Simply Speaking Preschool
Welcome to our page!
Registration going on now for our 2013-2014
Spaces are filling up fast...
Call now at 260.417.9443
What makes our preschool unique is we offer a "typical" preschool class but added more one on one interaction for children with developmental needs.
Each child is assessed at the beginning of the year and an SEP (Student Education Plan) is created to meet the student's needs during the year.
Music and Movement, Library Time, Computer Time, Science are just some of our specials we include during each month.
Happy Tails Classroom
Who's Who????? 2011
Friendly Farmers 2010
Our Fun Times at Simply Speaking
This is from our "Beach Day" at Preschool
I caught a fish!!!!!
Learning all about Kiwi!
Searching for Mr. Leprechaun!
Our curriculum has been designed carefully to meet the child's needs. We have added activities and ideas from Tuned Into Learning Speech/Language Program, KidSparks, and Curriculala Programs.
My goal at the end of our session is that each child leaves my room feeling good about who they are and what they can do.
ARTICLE IN THE NEWSPAPER!
Visit from Ronald McDonald! News Sentinel Newspaper, Fort Wayne IN!
Preschool to focus on students' special needsKids will get more one-on-one time with teacher. Founder Janice Anne Cook plans to open Simply Speaking Comprehensive Learning Center preschool by June 1, with classes beginning June 14. Where:
12912 Coldwater Road, Suite A (across from Perry Hill and Oak View elementary schools) When:
Classes roughly 2 1/2 hours long will be offered morning and afternoon Telephone:
417-9443 Website: www.simplyspeakinglearningcenter.com of The News-Sentinel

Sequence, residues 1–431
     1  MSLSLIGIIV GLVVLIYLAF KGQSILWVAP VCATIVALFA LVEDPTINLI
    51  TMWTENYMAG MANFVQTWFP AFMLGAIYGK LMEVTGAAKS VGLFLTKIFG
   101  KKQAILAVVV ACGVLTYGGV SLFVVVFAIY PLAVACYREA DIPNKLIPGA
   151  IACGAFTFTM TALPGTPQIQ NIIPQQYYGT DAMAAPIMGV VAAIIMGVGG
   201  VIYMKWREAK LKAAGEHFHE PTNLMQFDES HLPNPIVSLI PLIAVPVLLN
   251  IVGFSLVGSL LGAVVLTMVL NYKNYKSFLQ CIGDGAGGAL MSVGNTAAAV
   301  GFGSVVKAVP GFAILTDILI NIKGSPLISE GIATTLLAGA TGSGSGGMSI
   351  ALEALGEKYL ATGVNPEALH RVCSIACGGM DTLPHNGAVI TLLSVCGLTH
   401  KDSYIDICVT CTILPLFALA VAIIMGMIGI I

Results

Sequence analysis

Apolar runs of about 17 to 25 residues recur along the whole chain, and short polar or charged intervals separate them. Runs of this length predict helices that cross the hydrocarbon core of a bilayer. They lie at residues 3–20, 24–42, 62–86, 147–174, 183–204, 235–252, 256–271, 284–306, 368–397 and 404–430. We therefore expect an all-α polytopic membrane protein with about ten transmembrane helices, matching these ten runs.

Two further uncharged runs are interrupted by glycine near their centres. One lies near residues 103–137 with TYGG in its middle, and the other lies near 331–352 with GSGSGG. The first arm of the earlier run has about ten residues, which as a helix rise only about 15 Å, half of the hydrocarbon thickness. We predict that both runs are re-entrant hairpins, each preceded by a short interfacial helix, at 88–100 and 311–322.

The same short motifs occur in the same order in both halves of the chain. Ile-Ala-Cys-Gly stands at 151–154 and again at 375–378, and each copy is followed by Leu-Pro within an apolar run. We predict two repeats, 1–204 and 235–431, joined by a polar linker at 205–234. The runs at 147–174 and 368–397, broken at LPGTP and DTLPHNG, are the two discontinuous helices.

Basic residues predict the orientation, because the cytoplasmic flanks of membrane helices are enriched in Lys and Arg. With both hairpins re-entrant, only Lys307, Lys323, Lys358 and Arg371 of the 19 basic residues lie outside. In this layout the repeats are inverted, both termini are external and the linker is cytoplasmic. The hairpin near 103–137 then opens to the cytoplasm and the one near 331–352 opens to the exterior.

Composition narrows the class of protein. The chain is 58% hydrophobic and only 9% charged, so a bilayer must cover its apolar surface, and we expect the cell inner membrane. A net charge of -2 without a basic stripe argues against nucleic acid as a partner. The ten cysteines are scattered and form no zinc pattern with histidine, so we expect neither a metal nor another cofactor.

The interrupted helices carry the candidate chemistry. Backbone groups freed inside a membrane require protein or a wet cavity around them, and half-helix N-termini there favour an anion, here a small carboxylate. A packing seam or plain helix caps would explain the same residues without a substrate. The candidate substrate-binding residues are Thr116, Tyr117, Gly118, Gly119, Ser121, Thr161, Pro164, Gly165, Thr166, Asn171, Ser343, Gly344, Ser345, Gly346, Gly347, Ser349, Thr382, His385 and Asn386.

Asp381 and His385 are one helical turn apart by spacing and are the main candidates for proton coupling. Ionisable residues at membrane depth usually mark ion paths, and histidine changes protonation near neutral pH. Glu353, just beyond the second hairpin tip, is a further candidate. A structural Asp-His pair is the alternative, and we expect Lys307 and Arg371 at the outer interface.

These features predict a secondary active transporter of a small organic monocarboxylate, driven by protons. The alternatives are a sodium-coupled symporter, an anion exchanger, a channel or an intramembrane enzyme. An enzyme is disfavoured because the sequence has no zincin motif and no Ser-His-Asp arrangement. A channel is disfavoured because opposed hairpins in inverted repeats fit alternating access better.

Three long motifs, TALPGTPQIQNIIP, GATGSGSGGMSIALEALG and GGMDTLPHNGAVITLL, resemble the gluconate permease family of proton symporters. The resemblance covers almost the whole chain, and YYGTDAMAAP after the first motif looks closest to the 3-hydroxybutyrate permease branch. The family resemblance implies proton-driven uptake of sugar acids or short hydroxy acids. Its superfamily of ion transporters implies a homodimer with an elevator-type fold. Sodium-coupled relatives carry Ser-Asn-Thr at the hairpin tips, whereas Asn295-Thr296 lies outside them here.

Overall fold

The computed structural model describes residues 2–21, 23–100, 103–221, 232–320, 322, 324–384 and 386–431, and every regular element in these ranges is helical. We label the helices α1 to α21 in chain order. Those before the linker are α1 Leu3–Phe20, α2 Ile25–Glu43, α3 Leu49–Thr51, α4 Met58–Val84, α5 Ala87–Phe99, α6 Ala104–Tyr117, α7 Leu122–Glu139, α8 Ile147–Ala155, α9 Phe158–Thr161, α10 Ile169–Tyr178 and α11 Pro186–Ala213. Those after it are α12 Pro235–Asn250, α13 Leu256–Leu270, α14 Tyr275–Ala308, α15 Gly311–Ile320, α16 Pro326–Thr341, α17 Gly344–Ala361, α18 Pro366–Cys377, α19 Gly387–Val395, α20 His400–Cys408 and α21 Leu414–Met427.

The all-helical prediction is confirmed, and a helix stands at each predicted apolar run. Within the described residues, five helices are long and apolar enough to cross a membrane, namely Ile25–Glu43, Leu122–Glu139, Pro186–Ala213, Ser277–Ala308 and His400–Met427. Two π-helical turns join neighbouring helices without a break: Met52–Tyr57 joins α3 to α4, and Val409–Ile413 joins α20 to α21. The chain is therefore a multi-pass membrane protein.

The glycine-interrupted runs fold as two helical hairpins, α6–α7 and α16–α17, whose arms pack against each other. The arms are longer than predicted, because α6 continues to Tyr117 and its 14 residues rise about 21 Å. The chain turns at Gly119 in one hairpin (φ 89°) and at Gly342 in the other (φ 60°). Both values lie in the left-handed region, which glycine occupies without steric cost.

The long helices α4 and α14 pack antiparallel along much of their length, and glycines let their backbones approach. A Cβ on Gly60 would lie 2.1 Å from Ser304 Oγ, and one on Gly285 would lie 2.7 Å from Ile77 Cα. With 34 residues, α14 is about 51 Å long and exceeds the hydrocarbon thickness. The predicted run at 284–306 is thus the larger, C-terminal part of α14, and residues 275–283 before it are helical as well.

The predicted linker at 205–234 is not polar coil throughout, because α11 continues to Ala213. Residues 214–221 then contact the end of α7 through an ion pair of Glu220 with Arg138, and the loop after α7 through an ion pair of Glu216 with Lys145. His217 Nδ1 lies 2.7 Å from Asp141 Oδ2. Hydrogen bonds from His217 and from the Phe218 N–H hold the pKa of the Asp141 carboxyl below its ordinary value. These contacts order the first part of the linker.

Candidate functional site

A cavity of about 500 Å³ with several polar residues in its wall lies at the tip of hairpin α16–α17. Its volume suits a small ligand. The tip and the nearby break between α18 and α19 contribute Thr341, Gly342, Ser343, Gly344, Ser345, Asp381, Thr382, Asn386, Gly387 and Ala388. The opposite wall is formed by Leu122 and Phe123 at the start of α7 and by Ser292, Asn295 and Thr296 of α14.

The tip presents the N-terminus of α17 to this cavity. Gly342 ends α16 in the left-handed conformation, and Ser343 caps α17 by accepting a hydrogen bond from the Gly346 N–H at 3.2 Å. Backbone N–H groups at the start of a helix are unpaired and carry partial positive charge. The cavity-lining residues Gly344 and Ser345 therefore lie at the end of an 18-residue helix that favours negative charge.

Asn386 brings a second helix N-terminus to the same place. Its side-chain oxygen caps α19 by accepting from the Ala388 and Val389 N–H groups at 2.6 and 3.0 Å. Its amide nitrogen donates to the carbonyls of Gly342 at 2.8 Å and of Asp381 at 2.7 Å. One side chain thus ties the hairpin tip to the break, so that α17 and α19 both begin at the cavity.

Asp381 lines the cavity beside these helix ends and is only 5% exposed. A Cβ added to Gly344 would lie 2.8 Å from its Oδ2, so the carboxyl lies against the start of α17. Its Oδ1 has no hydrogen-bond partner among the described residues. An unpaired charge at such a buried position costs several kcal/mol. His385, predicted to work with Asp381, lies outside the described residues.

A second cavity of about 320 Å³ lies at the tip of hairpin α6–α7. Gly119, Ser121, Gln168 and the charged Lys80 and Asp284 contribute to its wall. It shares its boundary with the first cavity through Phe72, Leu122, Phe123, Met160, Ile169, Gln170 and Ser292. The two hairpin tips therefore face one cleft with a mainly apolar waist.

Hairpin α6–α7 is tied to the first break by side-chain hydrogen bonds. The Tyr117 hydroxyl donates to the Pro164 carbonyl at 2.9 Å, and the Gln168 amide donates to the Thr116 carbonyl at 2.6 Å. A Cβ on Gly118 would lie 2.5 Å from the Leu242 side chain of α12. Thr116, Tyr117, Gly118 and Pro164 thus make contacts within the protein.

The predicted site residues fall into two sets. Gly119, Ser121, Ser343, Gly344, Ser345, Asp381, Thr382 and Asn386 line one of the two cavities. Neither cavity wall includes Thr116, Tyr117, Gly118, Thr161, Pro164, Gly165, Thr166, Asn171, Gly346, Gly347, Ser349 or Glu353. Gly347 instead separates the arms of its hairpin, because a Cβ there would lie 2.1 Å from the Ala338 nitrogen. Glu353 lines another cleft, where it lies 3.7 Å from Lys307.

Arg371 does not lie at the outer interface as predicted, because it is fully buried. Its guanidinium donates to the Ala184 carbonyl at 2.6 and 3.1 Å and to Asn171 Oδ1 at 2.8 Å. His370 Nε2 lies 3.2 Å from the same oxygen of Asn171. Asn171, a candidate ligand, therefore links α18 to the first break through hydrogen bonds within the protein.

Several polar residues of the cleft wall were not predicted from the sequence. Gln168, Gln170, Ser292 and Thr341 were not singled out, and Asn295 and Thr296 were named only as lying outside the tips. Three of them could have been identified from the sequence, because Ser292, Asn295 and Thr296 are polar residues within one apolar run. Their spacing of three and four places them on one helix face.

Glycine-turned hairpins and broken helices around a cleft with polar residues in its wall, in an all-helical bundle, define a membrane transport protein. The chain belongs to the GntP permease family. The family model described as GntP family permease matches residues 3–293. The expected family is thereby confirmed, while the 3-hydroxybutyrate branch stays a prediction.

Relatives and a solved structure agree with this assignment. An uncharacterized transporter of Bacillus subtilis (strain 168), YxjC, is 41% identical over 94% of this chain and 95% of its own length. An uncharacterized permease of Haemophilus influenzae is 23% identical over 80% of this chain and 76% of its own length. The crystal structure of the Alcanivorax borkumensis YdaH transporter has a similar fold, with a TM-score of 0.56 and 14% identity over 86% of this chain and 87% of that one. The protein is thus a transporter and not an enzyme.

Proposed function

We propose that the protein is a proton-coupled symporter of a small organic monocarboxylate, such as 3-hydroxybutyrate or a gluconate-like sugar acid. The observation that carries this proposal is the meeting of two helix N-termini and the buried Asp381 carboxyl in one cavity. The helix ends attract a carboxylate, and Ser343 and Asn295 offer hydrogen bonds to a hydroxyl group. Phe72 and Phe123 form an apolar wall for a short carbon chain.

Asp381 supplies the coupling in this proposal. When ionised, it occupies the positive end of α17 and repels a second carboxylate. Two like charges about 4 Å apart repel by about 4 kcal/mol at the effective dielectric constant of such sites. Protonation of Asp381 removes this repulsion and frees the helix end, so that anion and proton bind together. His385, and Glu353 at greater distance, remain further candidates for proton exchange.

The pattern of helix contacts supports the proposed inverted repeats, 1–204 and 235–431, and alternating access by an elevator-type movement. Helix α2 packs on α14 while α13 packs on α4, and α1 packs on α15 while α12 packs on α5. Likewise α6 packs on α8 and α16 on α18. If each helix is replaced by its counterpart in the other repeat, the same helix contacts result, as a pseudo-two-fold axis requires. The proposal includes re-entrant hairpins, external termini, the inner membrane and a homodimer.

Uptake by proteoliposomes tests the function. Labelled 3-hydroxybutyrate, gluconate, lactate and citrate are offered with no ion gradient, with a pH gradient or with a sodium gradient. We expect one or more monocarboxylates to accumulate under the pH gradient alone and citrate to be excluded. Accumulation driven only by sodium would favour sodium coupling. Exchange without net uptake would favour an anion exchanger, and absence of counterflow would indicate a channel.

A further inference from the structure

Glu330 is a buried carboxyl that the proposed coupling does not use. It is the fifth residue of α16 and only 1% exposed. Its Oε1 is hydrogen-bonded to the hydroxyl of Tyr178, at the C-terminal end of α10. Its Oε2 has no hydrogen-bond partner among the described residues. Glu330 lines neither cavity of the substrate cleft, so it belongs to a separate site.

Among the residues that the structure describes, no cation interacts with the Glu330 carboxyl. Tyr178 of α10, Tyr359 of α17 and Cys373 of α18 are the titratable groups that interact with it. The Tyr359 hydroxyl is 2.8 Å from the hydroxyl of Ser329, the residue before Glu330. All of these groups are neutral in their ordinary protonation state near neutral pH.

Janice Anne Cook is starting a preschool with a particular mission: helping children with special needs. Her “Simply Speaking Comprehensive Learning Center” will open for business by June 1. Her first classes are scheduled to begin June 14 at the facility on Coldwater Road, across from Perry Hill and Oak View elementary schools. The new preschool will be geared toward students with mild developmental disabilities, such as high-functioning autism, sensory integration or fine-motor-skills difficulty, or speech and language delays. “I’ll be giving the child a typical preschool class, but we add a few extras, such as more one-on-one time with the teacher,” she said. For now, Cook, 40, will be the only teacher. But class sizes will be small, limited to no more than seven children. She promises to develop a “student education plan” for each preschooler, identifying strengths and weaknesses in the child’s development and planning a strategy for improving the child’s abilities. For Cook, who has a degree from IPFW in early childhood education, helping children with developmental challenges has become deeply personal for her. She has two sons, one with autism, the other with attention deficit hyperactivity disorder. She’s aiming for a particular niche, one she’s explored in previous work teaching preschool: children with development difficulties, but difficulties that aren’t severe enough to make them eligible for pre-K special education through school districts. Parents of children who’ve “graduated” from pre-K special education often still see their children need more help than they might get from being in a conventional class. That’s where Cook plans to come in. “Sometimes kids just aren’t ready to jump in,” she said. As she describes the preschool on its website, “I have always wanted to have a place where children can come and feel comfortable, learn in a small class size, and leave each day feeling good about who they are.” She said she sees off each child by saying, “You are important. I want you to feel good about yourself.”